What does a Mediterranean breakfast or a Mediterranean diet breakfast look like? You’d be surprised how often I hear this question; it’s time to delve into it more fully. Tasty ideas from quick bites to Mediterranean brunch recipes and the ultimate Mediterranean brunch board for your next party!

I’m warning you now: we are about to explore a world of wholesome, satisfying breakfast foods that will surprise you in the best way possible! You’re not entirely unfamiliar with these foods. You probably tried them before, but never thought of them for breakfast or brunch. And be sure to visit our Mediterranean diet recipes page for more.

Contents

What does a Mediterranean Diet Breakfast Look Like?

Because the Mediterranean region extends from parts of Europe to North Africa and the Middle East (including the Holy Land), it’s hard to give you one short answer as to what a Mediterranean breakfast looks like.

A workday Mediterranean breakfast is a quick, and mostly savory, meal. And if we’re talking strictly Mediterranean diet, then it’s very likely a vegetarian breakfast like hummus toast.

Quick Mediterranean Diet Breakfast Ideas

If you’re curious, here are just a handful of quick Mediterranean breakfast ideas from different parts of the Mediterranean:

1- Italy and Spain, you might find an early-morning breakfast of toasted whole grain breads with a small portion of soft cheese and some fresh fruit.

2- Egypt, where I grew up, Foul Muddamas (a special fava bean porridge, slow-cooked overnight) is a staple protein-packed breakfast (recipe coming soon!) Or, a quick boiled egg with a side of fresh tomato and and cucumber (yes, salad for breakfast!)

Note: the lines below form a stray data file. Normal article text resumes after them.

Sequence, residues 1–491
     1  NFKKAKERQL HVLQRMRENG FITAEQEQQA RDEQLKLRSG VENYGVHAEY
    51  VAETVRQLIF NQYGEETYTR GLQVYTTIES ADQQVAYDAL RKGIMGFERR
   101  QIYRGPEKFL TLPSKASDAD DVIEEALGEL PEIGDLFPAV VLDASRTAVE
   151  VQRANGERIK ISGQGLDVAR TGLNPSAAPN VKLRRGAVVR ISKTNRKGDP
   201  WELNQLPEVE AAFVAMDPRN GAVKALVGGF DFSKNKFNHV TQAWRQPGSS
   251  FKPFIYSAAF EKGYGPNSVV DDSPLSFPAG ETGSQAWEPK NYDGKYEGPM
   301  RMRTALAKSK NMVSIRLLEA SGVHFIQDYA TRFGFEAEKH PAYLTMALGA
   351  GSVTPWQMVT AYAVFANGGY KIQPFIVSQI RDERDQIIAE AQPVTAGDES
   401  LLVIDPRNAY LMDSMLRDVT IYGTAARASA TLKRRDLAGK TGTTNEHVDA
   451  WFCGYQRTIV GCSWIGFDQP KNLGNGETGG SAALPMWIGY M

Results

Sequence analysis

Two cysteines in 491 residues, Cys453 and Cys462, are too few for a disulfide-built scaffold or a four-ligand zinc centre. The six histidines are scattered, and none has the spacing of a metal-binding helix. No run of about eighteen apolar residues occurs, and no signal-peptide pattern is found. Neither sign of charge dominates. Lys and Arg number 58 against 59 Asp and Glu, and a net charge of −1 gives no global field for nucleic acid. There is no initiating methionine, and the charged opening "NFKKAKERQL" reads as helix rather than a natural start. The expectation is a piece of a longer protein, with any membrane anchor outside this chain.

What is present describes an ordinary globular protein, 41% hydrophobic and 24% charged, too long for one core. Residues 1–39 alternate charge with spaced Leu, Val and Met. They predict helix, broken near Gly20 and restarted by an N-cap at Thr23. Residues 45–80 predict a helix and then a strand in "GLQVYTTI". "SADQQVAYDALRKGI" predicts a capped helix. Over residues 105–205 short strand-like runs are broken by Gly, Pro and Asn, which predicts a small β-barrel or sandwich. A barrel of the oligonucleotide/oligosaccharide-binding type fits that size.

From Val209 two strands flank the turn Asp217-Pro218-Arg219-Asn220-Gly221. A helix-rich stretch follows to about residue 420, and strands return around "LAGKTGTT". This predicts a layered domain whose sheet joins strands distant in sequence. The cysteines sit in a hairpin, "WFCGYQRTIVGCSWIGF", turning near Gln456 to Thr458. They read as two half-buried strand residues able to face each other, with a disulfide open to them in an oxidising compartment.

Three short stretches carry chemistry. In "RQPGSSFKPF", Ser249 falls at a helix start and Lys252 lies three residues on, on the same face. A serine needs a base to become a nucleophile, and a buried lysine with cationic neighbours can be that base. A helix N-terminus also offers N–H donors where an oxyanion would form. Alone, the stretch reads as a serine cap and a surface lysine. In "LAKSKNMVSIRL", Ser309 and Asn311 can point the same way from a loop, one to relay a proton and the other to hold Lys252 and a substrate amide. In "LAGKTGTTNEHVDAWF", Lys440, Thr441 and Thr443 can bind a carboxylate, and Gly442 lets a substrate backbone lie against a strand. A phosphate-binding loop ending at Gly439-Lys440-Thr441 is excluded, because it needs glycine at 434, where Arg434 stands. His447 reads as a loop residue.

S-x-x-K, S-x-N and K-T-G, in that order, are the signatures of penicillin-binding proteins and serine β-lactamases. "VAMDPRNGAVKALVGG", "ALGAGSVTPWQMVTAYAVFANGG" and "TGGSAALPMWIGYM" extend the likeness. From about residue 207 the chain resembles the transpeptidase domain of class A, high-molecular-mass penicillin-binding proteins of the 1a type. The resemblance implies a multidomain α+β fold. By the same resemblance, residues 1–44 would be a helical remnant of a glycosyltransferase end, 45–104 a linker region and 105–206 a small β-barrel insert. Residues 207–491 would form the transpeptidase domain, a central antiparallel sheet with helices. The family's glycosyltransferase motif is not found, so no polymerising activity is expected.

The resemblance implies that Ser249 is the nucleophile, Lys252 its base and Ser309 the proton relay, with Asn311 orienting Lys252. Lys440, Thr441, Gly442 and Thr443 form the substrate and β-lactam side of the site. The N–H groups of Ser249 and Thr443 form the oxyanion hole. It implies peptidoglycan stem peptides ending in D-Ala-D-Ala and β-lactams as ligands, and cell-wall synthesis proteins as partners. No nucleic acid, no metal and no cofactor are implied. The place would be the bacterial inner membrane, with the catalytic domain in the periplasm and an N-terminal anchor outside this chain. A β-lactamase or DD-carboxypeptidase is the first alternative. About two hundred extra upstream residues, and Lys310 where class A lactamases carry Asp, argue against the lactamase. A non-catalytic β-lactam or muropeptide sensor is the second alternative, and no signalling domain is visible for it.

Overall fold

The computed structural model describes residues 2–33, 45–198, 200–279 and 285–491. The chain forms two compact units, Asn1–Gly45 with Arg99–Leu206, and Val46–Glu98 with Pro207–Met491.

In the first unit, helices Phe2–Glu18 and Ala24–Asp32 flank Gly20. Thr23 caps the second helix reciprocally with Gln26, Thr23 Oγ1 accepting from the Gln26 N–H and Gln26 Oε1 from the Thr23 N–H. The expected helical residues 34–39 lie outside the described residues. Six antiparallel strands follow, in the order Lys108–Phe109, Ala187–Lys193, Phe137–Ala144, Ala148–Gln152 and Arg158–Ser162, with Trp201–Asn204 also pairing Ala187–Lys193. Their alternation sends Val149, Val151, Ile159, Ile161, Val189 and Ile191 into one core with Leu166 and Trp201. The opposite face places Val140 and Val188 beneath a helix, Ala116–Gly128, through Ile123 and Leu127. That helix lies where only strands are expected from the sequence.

3- In the Eastern Mediterranean, it’s not uncommon for leftover homemade hummus, Labneh, or plain Greek yogurt with a drizzle of good olive oil to show up on the breakfast table. One delightfully surprising breakfast from the Holy Land region is warm pita, dipped in excellent extra virgin olive oil and sprinkled with za’atar (an earthy blend of Mediterranean wild thyme and toasted sesame seed.)

4- Of course, in many parts of the Mediterranean, all sorts of grains and couscous make a great cereal– savory, or occasionally slightly sweetened with honey, then topped with nuts.

Pictured: Shakshuka

Mediterranean Breakfast Recipes

The story is slightly different on the weekends. Eastern Mediterranean breakfast (or brunch)–the kind a master of the Levant kitchen like my mother in law makes–is a bit of a feast. A healthy, wholesome feast meant for longer, leisurely visits–requiring that you bring an appetite for eating and long conversation.

Like a mezze situation, a leisurely Mediterranean brunch is intended for a crowd and will include a bit of everything. Lots of little savory dishes. And again, mostly vegetarian. From shakshuka or frittata to falafel patties and freshly baked manaqish, several hummus options, and even salads like tabouli or this simple Mediterranean salad.

How to build a Mediterranean Breakfast Board

But if you’re looking for a simple and modern way to bring a Mediterranean element to your brunch, this Mediterranean breakfast board will do the trick. The inspiration for this board came from my earlier Mezze platter (another great option for entertaining.) And keep in mind that this board is really more of a brunch board.

For serving, you will need a large board or platter; a few bowls to hold dips and EVOO etc; a few serving utensils. I like to place my large bowl right in the middle as a focal point. I use the remaining bowls to create shape and movement on the board. Naturally, the gaps between the bowls serve as pockets to easily arrange the rest of the ingredients.

Here’s the list of foods I use on my Mediterranean breakfast board: